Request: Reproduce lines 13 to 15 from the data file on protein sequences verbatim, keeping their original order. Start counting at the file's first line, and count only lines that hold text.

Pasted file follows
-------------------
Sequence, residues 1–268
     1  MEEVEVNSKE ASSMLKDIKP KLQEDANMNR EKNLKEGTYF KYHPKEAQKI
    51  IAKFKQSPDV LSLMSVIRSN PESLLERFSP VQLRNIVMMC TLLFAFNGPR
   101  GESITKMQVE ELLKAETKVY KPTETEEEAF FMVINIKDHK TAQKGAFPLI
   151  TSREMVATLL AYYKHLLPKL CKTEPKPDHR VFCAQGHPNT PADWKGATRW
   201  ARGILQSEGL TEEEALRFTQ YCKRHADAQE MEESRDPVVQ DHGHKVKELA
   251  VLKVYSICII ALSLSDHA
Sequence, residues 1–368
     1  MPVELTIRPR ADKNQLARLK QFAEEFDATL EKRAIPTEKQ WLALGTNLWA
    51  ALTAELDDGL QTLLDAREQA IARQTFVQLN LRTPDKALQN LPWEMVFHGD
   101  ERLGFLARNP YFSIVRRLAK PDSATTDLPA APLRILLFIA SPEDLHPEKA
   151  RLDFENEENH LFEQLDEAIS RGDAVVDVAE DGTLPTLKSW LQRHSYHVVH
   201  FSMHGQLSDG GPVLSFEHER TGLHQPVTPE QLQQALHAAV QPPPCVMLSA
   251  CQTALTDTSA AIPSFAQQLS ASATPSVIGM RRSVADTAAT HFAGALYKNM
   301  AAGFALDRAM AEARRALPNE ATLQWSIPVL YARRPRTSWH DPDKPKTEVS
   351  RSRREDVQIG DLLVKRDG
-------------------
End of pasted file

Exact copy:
   201  FSMHGQLSDG GPVLSFEHER TGLHQPVTPE QLQQALHAAV QPPPCVMLSA
   251  CQTALTDTSA AIPSFAQQLS ASATPSVIGM RRSVADTAAT HFAGALYKNM
   301  AAGFALDRAM AEARRALPNE ATLQWSIPVL YARRPRTSWH DPDKPKTEVS